Actually, the tradition of the Christmas cookie can be traced to Medieval European recipes. During the 1500s, the Christmas cookie was popular all over Europe. Then the Dutch and Germans brought it to the shores of America in the 1600s. (No wonder I love cookies. I’m German American.)
But enough about history, I’m struggling to say NO to the cookie and YES to the dress. I love Christmas cookies. There is nothing better than a cup of coffee with two or three cookies on a cold winter day. Then a few for dessert and…well you know the drill. The problem is that the cookie sessions make it harder to fit into those holiday outfits.
It’s not that we have to forego cookies during this season—that thought alone would lead us to overeat. We can have a few cookies.
According to Cornell University researchers Brian Wansink and Jeffrey Sobal, we make around 200 food decisions a day. But not all those decisions are in our conscious awareness or prompted by hunger. I can honestly say that my intake of cookies usually has nothing to do with hunger.
So, what does cause me to grab two or three cookies a day for pure enjoyment, forgetting that this will impact my wardrobe?
Sometimes, just seeing the food is enough to get us to overeat. The presence of beautifully decorated cookies on a holiday table screams, “Try me.” And the facts that they are ever-present this time of the year and prominently displayed everywhere you look make the cookie monster in us grab a few extras for the road.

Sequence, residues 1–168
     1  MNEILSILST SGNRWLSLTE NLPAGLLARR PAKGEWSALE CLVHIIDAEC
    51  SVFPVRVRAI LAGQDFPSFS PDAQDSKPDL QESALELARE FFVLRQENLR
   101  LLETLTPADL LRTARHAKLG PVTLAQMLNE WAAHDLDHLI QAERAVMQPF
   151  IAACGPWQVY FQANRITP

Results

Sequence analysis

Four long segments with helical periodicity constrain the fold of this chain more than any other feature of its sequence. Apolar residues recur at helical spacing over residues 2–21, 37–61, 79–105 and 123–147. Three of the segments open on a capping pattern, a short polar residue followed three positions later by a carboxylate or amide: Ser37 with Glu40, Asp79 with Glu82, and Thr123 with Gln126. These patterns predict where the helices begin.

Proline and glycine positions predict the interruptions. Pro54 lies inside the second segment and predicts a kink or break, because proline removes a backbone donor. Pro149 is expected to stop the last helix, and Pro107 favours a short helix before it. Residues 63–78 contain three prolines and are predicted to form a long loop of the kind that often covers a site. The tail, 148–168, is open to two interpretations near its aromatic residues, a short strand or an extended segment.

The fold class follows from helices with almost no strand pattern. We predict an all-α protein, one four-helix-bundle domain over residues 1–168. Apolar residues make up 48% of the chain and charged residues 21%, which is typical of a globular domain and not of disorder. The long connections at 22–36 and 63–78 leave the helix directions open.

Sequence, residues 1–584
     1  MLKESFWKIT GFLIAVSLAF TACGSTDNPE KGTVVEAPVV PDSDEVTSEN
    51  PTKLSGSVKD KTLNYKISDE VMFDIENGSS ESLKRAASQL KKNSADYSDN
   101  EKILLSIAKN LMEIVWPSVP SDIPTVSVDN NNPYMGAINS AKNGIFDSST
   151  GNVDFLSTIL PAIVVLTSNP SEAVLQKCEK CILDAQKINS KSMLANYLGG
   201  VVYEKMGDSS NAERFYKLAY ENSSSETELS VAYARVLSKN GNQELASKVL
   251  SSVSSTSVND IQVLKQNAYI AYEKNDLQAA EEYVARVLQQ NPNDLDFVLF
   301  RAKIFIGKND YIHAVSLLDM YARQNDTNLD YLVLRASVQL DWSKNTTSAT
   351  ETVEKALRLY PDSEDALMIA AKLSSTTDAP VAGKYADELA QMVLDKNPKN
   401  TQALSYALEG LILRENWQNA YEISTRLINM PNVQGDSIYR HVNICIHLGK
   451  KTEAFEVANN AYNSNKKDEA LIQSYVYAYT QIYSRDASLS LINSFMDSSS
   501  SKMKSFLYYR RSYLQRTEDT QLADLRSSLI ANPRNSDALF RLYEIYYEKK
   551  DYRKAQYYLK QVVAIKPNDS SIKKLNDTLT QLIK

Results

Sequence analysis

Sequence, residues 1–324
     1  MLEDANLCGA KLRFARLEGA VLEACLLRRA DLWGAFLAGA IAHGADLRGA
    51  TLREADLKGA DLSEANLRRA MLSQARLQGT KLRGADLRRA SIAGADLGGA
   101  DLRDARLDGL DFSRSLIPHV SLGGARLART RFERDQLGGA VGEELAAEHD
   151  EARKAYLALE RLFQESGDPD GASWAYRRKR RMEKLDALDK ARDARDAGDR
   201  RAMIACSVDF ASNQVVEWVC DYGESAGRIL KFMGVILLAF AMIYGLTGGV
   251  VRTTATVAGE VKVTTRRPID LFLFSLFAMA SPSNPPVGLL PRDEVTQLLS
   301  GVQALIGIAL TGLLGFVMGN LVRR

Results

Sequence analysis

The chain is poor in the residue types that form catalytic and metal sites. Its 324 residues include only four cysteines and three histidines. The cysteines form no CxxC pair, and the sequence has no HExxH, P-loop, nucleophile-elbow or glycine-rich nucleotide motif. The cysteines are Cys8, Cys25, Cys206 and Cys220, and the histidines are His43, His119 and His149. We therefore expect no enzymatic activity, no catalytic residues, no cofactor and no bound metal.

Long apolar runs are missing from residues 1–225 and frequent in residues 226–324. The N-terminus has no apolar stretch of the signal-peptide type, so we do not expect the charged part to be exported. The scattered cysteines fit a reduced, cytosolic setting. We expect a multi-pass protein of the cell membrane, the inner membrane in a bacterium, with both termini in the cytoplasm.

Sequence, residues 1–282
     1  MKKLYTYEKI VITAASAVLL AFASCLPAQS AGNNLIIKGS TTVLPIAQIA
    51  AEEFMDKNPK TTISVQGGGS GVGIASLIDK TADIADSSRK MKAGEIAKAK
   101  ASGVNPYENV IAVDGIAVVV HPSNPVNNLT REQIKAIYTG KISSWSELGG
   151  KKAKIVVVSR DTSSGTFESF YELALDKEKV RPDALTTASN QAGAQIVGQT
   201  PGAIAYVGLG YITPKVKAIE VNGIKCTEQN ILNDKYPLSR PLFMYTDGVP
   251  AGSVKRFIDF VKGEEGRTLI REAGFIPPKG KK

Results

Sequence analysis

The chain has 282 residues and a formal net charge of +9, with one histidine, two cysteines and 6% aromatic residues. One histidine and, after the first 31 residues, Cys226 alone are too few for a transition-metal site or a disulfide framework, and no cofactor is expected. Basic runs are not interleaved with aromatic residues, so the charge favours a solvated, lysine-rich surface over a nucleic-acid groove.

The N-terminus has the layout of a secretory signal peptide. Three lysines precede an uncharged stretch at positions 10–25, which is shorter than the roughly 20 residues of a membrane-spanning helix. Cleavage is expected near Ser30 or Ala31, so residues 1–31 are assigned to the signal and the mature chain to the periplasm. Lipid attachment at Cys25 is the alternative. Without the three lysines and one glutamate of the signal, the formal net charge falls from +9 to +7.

Say NO to the Cookie So You Can Say YES to the Dress!
Strategy #1: Don’t leave a tray of cookies out on the counter.
Freeze them in foil and put them away, so you can’t see them. Forget those cookie exchanges; you come home with about 10 dozen – too much temptation. The smell of baking cookies prompts us to eat as well. For many of us, those smells remind us of childhood and the love associated with family meals and treats.
Strategy #2: Move away from the smell.
Embrace those warm fuzzy moments of childhood with a photo album instead of a baker’s dozen. Be careful even after the holidays. The colder it gets, the more we want those carbs.
Strategy #3: Go exercise even when it is cold.
Get up and move instead of eat. We eat just because the cookies are there and because we’re not doing anything else.
Strategy #4: Follow the hara hachi principle of Japanese eating.
Eat until you are 80 percent full. Press pause and ask your stomach, Are you full yet? Grazing each day on the extra calories of Christmas goodies will get us all a pound or two that we later regret. So the next time you stare down a plate of cookies that you could devour, press pause and ask, “Do I really need that cookie?” Hopefully, you and I can answer, “No”… at least a few times.